Chapter 20

Credit Derivatives and Collateralized Debt Obligations

The credit crisis of 2006 to 2011 represented one of the greatest episodes of financial hysteria seen since the Nikkei stock price index (which traded at 8,734.62 on June 25, 2012) reached an intraday peak of 38,957.44 on December 29, 1989. The introduction to this book summarizes much of this mass hysteria, and it is very difficult to resist the temptation to make this a “What were they thinking?” chapter when recounting the tens of billions of dollars lost in the credit markets during this period. As best we can, we will try to reemphasize some common risk management fallacies that we raised in the introduction to this book. We reprise those fallacies in this chapter with specific reference to credit default swaps (CDS) and collateralized debt obligations (CDOs) and how Wall Street responded to market participants who clung to these fallacies as if they were true:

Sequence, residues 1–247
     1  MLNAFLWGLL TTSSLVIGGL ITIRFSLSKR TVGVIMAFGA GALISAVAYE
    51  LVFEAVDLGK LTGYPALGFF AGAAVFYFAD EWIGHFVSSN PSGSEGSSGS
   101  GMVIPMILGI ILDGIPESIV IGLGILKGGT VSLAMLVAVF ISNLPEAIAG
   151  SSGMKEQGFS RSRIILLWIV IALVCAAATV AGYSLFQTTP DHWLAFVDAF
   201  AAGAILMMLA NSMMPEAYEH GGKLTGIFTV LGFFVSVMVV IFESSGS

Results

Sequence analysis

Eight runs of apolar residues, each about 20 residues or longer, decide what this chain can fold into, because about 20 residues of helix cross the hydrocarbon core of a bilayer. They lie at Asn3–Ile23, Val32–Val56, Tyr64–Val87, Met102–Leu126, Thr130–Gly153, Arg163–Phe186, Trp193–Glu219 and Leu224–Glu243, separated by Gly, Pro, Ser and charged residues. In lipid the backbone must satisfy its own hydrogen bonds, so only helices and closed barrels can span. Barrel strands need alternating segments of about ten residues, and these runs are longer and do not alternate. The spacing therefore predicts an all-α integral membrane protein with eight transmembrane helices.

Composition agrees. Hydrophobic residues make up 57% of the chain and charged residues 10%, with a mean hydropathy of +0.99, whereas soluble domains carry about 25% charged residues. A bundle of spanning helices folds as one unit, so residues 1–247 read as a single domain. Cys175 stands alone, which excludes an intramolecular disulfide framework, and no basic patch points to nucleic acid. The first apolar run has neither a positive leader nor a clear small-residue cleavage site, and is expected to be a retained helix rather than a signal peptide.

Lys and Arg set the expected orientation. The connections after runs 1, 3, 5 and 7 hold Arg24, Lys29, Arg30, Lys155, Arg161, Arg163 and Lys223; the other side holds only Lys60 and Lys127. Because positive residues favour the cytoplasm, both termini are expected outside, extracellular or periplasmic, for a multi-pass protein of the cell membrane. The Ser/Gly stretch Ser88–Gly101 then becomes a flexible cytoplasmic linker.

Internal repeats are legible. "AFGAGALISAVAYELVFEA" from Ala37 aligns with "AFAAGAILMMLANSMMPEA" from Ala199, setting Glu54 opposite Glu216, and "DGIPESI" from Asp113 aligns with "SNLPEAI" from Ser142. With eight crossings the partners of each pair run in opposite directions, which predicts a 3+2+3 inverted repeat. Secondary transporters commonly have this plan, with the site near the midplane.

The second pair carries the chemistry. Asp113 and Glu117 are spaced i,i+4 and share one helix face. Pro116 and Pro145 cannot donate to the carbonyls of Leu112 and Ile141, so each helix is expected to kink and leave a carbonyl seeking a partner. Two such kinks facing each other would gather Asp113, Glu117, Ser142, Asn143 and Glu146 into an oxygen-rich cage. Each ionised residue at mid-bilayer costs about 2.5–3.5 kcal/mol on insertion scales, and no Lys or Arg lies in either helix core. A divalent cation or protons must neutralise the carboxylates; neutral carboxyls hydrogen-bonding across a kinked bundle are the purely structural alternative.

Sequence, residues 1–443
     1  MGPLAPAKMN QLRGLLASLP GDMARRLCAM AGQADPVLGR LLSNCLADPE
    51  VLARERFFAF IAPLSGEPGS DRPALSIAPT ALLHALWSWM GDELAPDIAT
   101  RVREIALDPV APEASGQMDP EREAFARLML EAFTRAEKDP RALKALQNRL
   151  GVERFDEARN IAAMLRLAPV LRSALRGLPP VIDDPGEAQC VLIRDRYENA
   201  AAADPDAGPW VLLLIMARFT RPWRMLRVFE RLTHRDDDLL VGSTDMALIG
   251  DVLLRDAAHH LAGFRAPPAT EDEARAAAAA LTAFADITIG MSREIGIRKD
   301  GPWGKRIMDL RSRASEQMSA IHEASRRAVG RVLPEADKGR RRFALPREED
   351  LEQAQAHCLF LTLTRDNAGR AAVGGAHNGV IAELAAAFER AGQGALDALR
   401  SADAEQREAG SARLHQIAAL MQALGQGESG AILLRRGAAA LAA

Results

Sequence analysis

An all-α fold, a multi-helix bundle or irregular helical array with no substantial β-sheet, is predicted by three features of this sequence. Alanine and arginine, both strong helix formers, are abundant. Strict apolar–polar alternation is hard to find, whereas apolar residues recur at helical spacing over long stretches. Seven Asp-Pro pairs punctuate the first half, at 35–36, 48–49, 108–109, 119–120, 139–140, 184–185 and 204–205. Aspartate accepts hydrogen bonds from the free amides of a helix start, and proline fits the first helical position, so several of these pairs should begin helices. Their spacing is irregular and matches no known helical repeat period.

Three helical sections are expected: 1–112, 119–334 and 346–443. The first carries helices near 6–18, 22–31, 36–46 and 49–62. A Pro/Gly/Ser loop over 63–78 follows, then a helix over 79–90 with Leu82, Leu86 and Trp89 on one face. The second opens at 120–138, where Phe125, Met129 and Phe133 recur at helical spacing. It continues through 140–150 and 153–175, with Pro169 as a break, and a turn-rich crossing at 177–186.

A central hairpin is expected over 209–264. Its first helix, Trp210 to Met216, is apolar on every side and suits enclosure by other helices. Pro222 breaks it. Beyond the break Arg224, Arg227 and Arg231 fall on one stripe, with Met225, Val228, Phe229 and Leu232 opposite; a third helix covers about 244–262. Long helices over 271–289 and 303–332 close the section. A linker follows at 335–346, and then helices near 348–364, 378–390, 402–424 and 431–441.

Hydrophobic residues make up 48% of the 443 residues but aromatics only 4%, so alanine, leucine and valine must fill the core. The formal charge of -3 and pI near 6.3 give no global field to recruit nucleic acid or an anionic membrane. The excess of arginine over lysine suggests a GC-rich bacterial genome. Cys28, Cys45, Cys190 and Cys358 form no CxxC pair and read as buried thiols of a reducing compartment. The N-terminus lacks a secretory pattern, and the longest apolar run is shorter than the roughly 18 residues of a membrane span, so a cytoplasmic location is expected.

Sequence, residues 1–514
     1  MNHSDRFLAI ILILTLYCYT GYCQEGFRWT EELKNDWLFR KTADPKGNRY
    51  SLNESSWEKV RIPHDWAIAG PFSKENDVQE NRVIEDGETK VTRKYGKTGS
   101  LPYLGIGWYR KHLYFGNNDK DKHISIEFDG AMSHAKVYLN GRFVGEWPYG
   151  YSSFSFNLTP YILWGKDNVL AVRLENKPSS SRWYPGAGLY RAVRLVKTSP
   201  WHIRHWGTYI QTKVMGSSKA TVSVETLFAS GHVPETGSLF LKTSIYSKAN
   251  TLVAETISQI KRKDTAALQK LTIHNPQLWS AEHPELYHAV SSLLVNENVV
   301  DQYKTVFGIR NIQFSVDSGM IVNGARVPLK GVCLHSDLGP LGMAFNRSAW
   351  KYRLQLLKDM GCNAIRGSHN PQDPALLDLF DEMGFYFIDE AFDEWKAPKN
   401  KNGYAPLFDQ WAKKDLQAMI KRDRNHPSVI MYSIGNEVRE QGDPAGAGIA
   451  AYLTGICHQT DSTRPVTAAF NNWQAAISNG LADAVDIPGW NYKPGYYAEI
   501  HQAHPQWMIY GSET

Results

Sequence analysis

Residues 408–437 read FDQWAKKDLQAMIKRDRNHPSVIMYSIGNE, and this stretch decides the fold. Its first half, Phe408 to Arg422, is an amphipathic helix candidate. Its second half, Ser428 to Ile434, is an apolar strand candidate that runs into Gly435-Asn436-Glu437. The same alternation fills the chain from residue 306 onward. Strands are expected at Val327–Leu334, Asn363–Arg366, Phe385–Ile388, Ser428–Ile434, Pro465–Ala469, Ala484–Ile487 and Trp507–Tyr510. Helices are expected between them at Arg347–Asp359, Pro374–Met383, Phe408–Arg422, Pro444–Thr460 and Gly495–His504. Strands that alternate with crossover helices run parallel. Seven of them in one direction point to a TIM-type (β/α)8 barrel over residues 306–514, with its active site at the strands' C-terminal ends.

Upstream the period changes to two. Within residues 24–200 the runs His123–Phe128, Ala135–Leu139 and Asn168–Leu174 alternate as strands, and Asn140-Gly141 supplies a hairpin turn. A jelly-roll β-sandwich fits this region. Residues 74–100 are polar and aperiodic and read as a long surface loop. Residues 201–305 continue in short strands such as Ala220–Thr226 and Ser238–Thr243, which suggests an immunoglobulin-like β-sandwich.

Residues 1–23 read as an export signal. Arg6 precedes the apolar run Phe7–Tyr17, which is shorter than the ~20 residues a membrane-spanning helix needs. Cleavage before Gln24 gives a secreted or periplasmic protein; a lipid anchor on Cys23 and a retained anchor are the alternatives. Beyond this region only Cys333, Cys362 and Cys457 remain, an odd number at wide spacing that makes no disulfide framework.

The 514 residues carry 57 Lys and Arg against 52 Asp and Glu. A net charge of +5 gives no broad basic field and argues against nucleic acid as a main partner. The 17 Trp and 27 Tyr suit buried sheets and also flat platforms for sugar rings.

• “If it hasn’t happened to me yet, it won’t happen to me, even if it’s happened to someone else.”
Wall Street response: If everyone thinks home prices won’t go down, sell them 100 percent loan-to-value mortgage loans until they learn otherwise.
  • “Silo risk management allows my firm to choose the ‘best of breed’ risk model for our silo.”
Wall Street response: If the credit silo can’t model the value of securities whose default is tied to macroeconomic factors such as home prices, sell them mortgage-related CDOs.
  • “I don’t care what’s wrong with the ...

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